17:47:24Taek:(I mean for arbitrary definitions of 'poor'. Poor could mean minimum-wage American, or it could mean A-round funded corporation - the line is drawn where people can no longer afford validation)
17:47:39fluffypony:so I don't think it'll so much be trusting the wealthy world as in "people in another country"
17:48:09fluffypony:but trusting people more or less known to them (eg. their boss, or the CEO of the company, or some guy on TV)
18:16:50Taek:hmm. A major advantage of the blockchain is the reduction of trust infrastructure. Right now, Visa, Paypal, etc. have a bunch of regulations, insurances, and general overheads that result of needing to trust untrustworthy entities.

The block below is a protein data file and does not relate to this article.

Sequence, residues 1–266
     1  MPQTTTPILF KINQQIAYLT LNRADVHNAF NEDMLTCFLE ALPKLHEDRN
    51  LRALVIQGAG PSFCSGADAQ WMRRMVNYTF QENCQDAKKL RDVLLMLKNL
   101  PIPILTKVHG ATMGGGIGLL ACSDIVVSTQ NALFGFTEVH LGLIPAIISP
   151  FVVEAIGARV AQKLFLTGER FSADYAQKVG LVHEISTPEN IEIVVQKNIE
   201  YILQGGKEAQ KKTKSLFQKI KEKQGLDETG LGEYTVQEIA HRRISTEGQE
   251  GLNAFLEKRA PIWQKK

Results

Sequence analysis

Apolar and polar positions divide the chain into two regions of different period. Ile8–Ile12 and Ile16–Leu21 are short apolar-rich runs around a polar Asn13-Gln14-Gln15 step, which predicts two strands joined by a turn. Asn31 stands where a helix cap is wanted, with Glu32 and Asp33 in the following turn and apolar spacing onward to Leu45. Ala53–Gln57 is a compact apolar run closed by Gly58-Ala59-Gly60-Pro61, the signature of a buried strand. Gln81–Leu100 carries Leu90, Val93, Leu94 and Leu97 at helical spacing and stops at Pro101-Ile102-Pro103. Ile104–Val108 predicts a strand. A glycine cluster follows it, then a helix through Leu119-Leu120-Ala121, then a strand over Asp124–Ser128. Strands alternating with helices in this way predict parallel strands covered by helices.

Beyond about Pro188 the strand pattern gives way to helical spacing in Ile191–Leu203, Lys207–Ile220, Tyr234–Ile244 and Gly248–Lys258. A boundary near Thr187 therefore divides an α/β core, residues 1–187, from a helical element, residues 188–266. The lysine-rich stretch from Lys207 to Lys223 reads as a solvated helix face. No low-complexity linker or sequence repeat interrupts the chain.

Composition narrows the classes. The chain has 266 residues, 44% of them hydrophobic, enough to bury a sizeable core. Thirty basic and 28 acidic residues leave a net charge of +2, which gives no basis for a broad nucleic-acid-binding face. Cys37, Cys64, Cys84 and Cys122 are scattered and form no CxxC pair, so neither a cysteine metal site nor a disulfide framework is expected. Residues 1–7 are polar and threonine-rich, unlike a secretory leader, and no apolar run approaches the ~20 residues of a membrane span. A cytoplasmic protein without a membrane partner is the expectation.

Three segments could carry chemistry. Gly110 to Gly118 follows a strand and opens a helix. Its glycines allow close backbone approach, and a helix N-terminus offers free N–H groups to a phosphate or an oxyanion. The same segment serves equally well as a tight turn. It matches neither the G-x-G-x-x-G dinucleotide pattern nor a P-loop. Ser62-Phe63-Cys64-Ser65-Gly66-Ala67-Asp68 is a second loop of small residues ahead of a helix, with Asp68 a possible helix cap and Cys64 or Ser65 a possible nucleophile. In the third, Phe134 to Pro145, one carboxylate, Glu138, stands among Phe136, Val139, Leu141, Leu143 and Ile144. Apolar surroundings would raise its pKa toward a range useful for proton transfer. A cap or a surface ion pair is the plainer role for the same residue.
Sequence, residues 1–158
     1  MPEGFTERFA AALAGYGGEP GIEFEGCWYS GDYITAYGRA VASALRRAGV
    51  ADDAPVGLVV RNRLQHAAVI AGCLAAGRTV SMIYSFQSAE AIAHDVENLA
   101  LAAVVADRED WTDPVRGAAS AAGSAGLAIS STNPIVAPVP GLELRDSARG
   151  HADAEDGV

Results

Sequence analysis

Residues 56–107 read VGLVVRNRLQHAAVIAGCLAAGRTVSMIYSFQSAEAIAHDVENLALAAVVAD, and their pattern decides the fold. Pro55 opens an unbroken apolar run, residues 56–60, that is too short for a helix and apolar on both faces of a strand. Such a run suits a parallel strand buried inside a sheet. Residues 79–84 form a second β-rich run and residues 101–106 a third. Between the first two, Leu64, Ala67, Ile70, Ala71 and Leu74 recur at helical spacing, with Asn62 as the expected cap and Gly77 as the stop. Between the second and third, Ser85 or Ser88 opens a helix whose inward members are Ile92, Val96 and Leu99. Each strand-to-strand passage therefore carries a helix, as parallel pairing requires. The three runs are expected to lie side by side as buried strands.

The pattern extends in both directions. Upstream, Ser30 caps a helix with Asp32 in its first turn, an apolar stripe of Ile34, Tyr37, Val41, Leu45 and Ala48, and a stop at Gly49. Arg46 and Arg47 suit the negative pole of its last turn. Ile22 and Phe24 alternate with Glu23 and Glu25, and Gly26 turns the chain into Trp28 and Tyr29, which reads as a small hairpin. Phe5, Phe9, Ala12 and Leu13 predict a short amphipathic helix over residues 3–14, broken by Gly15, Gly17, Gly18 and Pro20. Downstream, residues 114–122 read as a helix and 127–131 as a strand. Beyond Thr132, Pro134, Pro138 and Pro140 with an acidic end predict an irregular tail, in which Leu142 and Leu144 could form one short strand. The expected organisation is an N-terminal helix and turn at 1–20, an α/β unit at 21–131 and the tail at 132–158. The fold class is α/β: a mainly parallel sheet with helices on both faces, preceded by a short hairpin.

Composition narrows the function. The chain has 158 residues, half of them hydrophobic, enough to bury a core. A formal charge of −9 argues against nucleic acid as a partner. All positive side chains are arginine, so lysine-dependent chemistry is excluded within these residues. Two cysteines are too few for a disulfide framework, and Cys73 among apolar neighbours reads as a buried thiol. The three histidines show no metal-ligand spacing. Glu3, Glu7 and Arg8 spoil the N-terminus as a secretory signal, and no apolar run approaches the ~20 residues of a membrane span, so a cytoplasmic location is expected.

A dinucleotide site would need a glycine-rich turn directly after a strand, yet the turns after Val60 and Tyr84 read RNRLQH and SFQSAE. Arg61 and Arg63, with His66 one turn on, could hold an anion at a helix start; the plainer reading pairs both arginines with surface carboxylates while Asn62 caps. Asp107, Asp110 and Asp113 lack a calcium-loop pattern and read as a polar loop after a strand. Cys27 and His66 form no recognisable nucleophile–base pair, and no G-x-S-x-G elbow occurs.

18:17:17Taek:Bitcoin reduces this overhead using cryptography, justifying the cost of running a node
18:18:26Taek:I wonder if there's some way to determine the optimal settings such that total overhead is maximally minimized
18:19:03Taek:At some point I'm sure that traditional 'trust infrastructure' becomes cheaper to maintain than bitcoin infrastructure (eg 10,000 TB blocks)
18:22:23Taek:As you increase the cost of validation, the number of people forced to use traditional infrastructure rises, as does their cost of using the traditional infrastructure
18:38:46Taek:I think that, even when the cost of participation is too high for you, the value of validation is still high. You have access to things like auditing your bank
18:41:05Taek:Therefore the optimal tps is lower than the point where the cost of validation equals the cost of participation
18:42:10Taek:You want the cost of validation to be lower than of participation. Today, making a few transactions per month is cheaper than running a node